Feast of Samuel and Henrietta Barnett (June 17)   4 comments

Above:  Portrait of Samuel and Henrietta Barnett, by Hubert von Herkoner

Image in the Public Domain

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SAMUEL AUGUSTUS BARNETT (FEBRUARY 8, 1844-JUNE 17, 1913)

Anglican Canon of Westminster, and Social Reformer

husband and partner of

HENRIETTA OCTAVIA WESTON ROWLAND BARNETT (MAY 4, 1851-JUNE 10, 1936)

Social Reformer

June 17 is the feast day of the Barnetts in The Church of England.

Even if The Church of England had not paired the Barnetts on a feast day, I would have decided to do so anyway.  The couple was a team from the day they married in 1873 to the day Samuel Barnett died in 1913.  I have established emphasizing relationships and influences as a goal for this, A Great Cloud of Witnesses:  An Ecumenical Calendar of Saints’ Days and Holy Days.

Samuel Augustus Barnett, born in Bristol, England, on February 8, 1844, was a son of Mary Gilmore and iron manufacturer Francis Barnett.  Our saint, an 1867 graduate of Wadham College, Oxford, joined the ranks of Anglican clergymen that year and became the Curate of St. Mary’s, Bryanston Square, Marylebone, London.  He married Henrietta Octavia Weston Rowland in 1873.

Henrietta, born in London, England, on May 4, 1851, was a socially conscious heiress.  Her mother was Henrietta Monca Margaretta Didges.  Our saint’s father was Alexander William Rowland (d. 1869), in the oil business.  Her mother predeceased her father.  Young Henrietta, altruistic from an early age, attended a boarding school in Devon.  Starting in 1869 or so, she worked with Octavia Hill (1838-1912), active in efforts to improve slums in London.

The work in which the Barnetts engaged together, starting in 1873, flowed from their faith and their Christian Socialist ideals.  Samuel served as the Vicar of St. Jude’s, Whitechapel, London, from 1873 to 1894.  He led an congregation in a slum.  He, the founder (1869) of the Charity Organization Society, worked with Henrietta in improving the lives of people in Whitechapel.  The couple addressed housing.  Substandard housing was a major problem.  The Barnetts lobbied for building suitable residences.  They also enriched slum dwellers’ lives with art; the couple founded the Whitechapel Art Gallery.  Urban children needed countryside holidays.  The Barnetts raised funds and arranged for those holidays.  Entertainment was another need the Barnetts worked to provide.  Education was, of course, vital.  The Barnetts founded a night school for adults.  Samuel also served on school committees.  Through Toynbee Hall, of which Samuel was the first warden (1884-1906) and in which Henrietta taught, tutors from Oxford lived and taught in the slum.  Jane Addams (1860-1935) and Ellen Gates Starr (1859-1940) modeled Hull House, Chicago, Illinois, on Toynbee Hall.  Henrietta’s sister, Alice Marion Rowland Hart (1848-1931) also taught at Toynbee Hall.

Above:  Toynbee Hall

Image in the Public Domain

The Barnetts wrote books together.  These included:

  1. Practicable Socialism:  Essays on Social Reform (1888, 1894),
  2. Religion and Progress (1907),
  3. Towards Social Reform (1909),
  4. Religion and Politics (1911),
  5. Worship and Work (1913), and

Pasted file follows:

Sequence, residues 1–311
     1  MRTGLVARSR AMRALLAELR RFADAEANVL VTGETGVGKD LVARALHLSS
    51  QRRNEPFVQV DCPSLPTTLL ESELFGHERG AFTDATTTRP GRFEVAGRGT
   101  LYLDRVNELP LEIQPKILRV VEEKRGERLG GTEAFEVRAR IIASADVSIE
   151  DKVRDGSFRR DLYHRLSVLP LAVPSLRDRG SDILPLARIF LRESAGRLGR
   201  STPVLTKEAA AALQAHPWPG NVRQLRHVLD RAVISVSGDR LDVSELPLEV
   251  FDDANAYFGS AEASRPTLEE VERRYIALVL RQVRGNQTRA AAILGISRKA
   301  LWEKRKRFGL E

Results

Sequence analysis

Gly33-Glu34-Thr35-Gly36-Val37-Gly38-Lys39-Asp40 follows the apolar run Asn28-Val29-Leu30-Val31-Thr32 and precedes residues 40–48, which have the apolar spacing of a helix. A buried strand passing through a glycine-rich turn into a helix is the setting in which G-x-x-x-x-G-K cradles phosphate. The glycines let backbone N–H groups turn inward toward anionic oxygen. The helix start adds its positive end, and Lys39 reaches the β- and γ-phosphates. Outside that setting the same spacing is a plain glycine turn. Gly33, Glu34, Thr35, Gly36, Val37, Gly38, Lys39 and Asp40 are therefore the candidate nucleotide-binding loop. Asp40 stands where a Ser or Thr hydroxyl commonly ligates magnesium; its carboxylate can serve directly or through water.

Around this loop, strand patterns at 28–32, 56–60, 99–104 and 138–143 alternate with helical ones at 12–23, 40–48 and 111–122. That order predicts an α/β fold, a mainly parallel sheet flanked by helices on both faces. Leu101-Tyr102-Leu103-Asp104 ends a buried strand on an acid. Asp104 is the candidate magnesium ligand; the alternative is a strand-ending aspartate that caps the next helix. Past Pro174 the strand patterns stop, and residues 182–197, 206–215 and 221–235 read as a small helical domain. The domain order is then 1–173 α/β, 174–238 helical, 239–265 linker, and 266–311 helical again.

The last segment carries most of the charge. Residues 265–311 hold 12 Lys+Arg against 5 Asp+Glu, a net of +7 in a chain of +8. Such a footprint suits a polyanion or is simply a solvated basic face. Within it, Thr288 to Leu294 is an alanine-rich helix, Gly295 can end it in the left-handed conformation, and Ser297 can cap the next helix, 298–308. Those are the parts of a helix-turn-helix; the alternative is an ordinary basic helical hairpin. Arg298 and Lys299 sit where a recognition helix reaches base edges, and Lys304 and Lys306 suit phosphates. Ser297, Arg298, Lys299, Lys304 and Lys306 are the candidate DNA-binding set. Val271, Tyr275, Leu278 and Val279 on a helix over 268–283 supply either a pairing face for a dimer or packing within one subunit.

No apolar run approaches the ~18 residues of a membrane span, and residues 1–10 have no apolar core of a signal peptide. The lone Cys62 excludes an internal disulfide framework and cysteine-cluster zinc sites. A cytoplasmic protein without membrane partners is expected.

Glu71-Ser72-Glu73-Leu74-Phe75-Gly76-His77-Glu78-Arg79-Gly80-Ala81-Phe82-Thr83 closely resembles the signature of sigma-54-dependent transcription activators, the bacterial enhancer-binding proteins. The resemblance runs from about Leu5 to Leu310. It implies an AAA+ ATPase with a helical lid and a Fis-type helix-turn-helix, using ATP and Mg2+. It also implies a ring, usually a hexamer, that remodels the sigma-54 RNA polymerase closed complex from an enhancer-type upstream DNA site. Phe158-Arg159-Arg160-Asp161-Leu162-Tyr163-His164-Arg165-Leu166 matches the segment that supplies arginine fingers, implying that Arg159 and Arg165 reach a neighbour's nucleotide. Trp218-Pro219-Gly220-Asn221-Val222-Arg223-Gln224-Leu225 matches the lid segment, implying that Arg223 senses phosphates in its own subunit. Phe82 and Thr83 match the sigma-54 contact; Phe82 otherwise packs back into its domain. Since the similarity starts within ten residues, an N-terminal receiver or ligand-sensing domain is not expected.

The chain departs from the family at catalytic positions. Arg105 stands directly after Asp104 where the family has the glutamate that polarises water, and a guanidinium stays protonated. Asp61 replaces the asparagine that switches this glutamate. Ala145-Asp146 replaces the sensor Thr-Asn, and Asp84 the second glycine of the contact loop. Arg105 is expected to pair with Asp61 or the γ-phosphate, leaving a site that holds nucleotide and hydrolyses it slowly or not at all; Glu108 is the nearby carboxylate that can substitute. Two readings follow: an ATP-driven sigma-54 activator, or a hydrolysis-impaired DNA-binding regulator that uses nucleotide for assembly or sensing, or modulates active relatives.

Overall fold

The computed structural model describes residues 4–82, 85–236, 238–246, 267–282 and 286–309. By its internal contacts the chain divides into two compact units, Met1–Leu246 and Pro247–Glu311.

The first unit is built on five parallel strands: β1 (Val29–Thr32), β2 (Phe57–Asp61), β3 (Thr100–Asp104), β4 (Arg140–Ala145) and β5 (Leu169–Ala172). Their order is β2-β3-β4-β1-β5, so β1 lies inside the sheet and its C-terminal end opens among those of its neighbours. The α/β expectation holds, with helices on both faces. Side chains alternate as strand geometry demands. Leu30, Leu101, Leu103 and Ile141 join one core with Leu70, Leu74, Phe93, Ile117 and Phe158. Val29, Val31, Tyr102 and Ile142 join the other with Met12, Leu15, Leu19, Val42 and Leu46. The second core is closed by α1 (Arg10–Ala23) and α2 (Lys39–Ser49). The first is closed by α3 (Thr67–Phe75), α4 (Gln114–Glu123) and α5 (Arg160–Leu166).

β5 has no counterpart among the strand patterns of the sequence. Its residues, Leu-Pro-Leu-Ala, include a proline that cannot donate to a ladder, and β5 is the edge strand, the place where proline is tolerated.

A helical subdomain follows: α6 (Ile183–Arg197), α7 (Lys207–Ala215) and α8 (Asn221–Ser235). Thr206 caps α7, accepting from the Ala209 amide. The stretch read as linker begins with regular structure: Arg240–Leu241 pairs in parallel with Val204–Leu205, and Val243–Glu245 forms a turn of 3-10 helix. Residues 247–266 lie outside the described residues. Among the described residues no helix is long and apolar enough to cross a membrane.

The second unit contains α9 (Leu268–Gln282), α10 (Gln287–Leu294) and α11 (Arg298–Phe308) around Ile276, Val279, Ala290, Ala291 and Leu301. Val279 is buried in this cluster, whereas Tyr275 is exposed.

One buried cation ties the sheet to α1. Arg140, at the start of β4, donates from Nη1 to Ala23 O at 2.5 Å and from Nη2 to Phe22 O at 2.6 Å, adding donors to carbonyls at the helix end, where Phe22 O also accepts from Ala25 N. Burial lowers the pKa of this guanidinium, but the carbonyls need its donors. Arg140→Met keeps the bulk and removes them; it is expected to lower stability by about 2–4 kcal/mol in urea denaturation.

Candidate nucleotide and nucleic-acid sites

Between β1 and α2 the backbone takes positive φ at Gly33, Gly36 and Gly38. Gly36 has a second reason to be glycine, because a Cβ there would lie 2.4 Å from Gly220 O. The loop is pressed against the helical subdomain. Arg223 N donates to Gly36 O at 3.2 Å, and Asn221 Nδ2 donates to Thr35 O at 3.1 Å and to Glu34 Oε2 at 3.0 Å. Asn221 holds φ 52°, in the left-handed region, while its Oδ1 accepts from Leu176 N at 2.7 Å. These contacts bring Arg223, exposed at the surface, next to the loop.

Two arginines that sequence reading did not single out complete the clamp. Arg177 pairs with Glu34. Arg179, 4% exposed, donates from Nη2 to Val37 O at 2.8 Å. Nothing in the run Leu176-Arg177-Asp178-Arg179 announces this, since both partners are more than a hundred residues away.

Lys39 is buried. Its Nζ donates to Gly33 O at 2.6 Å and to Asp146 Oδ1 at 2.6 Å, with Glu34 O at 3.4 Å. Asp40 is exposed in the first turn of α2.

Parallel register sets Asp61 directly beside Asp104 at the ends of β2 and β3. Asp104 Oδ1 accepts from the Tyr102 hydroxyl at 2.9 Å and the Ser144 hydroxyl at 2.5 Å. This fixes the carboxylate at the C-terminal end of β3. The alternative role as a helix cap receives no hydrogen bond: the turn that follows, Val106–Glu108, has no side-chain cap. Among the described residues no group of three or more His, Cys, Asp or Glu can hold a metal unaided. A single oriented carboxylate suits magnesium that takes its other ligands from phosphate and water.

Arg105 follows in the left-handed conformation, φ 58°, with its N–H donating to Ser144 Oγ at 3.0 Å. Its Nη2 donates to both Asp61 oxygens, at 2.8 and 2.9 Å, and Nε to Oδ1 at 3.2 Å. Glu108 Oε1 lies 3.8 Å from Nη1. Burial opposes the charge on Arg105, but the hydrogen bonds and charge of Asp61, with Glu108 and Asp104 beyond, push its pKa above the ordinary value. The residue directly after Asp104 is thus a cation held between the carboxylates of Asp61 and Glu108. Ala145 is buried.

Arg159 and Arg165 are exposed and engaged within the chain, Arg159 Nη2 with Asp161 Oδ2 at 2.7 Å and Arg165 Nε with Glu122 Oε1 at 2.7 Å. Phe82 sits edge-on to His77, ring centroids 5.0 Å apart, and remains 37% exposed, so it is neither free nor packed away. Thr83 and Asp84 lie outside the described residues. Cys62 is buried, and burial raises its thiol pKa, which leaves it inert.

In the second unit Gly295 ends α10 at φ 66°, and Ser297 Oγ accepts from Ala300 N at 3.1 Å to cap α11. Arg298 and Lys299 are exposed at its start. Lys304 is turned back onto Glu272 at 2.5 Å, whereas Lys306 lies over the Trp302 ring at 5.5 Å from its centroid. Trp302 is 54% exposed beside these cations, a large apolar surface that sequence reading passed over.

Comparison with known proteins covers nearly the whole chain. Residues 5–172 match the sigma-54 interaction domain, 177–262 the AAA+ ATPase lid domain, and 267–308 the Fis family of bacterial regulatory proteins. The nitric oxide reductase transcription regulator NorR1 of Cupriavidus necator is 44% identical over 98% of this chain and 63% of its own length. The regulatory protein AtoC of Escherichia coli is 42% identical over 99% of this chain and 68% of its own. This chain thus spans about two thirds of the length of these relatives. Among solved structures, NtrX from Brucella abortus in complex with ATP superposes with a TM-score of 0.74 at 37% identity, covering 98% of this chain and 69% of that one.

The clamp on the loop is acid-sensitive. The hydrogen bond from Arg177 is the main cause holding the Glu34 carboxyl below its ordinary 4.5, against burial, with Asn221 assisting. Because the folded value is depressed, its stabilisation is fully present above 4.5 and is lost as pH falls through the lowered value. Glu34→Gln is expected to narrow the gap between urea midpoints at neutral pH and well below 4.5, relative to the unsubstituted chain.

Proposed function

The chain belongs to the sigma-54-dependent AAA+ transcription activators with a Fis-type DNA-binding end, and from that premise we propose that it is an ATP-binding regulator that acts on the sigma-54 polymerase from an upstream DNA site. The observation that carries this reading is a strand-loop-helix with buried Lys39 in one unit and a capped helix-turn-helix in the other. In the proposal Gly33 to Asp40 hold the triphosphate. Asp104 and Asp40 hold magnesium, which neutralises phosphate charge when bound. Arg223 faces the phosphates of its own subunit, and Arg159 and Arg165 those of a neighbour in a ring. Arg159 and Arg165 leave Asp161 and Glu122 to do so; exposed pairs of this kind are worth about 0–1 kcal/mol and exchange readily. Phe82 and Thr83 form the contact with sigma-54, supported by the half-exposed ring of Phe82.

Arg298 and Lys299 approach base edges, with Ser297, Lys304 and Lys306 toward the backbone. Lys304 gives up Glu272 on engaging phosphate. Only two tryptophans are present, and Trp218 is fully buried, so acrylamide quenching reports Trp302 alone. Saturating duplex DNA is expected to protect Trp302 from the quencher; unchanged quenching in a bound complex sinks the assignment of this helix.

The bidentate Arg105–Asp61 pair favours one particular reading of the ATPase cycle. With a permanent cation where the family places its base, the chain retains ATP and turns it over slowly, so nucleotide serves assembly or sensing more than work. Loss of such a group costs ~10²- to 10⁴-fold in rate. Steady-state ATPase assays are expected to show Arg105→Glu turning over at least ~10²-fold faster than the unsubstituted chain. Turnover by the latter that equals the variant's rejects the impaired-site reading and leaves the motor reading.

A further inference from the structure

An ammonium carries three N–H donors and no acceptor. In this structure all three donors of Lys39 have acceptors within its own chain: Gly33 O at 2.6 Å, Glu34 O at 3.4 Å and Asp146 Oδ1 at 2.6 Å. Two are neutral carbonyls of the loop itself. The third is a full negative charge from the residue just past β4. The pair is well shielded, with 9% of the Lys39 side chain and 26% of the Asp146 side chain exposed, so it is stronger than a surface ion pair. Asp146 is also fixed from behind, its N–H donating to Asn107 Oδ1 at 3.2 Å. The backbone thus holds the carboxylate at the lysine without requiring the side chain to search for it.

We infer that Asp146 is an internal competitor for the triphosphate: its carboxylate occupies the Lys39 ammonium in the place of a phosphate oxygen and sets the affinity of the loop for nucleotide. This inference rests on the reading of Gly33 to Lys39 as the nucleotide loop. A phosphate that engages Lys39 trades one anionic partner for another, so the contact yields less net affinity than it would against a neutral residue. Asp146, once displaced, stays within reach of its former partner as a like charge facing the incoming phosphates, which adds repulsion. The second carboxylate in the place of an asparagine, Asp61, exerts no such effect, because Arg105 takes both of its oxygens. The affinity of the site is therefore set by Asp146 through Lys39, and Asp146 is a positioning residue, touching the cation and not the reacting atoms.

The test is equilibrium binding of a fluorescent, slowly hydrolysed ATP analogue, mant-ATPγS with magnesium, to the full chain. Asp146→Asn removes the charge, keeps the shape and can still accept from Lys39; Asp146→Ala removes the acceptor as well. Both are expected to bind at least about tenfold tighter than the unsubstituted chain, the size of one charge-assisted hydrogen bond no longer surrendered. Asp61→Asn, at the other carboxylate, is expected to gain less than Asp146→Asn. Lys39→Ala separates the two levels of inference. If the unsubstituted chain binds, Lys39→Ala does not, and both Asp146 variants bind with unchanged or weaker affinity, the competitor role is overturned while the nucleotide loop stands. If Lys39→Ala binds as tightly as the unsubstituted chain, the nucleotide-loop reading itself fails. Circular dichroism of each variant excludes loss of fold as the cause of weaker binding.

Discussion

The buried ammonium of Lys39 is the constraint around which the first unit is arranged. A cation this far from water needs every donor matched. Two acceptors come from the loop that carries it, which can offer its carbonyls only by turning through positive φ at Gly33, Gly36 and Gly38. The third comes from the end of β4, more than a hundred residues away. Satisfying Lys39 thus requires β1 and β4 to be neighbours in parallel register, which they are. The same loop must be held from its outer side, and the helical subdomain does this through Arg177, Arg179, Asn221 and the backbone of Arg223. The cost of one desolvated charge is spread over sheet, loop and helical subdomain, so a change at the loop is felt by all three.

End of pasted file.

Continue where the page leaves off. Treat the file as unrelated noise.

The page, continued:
6. Vision and Service (1917).

Samuel also wrote Perils of Wealth and Poverty, published posthumously in 1920.

Samuel, a Canon of Westminster (1906-1913), died in London on June 17, 1913.  He was 69 years old.

Henrietta continued in good works until 1936.  She founded Barnett House, Oxford, for the study of social sciences, in Samuel’s honor.  She wrote Canon Barnett:  His Life, Work, and Friends (1918)–Volumes I and II.  She also wrote books on topics ranging from child rearing to working for economic justice.  Our saint had formed the Hampstead Garden Suburb Trust, which entailed building mixed-income housing, in 1903.  Henrietta, form 1924 a Commander of the British Empire, took up painting during her final years.  She, aged 85 years, died in London on June 10, 1936.

The Barnetts understood the Biblical mandate to help the less fortunate.  They knew that those blessed with privilege have a responsibility to aide those not blessed in that way.  Our saints accepted that the more one has, the more responsibilities one has.  They acted accordingly, for the glory of God and the benefit of many people.  They were faithful partners of God.

The poor will always be with us.  That is a fact.  Increasing numbers of the impoverished can, of course, cease to be poor.  Poverty is a function of various factors, not the least of which is institutionalized artificial scarcity.  Therefore, individual actions help alleviate the problem, but institutional revolution is necessary to make substantial dents in poverty.  The ultimate solution to institutionalized artificial scarcity resides in the purview of God, whose partners we are supposed to be.

KENNETH RANDOLPH TAYLOR

MAY 8, 2020 COMMON ERA

THE FEAST OF JULIANA OF NORWICH, MYSTIC AND SPIRITUAL WRITER

THE FEAST OF SAINT ACACIUS OF BYZANTIUM, MARTYR, 303

THE FEAST OF HENRI DUMONT, ROMAN CATHOLIC COMPOSER AND ORGANIST

THE FEAST OF SAINT MAGDALENA OF CANOSSA, FOUNDRESS OF THE DAUGHTERS OF CHARITY AND THE SONS OF CHARITY

THE FEAST OF SAINT PETER OF TARENTAISE, ROMAN CATHOLIC ARCHBISHOP

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Almighty God, whose prophets taught us righteousness in the care of your poor:

By the guidance of your Holy Spirit, grant that we may

do justice, love mercy, and walk humbly in your sight;

through Jesus Christ, our Judge and Redeemer, who lives and reigns

with you and the same Spirit, one God, now and for ever.  Amen.

Isaiah 55:11-56:1

Psalm 2:1-2, 10-12

Acts 14:14-17, 21-23

Mark 4:21-29

Holy Women, Holy Men:  Celebrating the Saints (2010), 736

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